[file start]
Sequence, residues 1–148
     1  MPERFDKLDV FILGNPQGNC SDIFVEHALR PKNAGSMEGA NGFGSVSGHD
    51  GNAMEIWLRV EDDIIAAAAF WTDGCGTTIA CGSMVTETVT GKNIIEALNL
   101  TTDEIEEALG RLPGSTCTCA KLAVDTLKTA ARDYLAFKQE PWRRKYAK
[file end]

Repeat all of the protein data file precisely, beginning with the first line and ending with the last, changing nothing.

Sequence, residues 1–148
     1  MPERFDKLDV FILGNPQGNC SDIFVEHALR PKNAGSMEGA NGFGSVSGHD
    51  GNAMEIWLRV EDDIIAAAAF WTDGCGTTIA CGSMVTETVT GKNIIEALNL
   101  TTDEIEEALG RLPGSTCTCA KLAVDTLKTA ARDYLAFKQE PWRRKYAK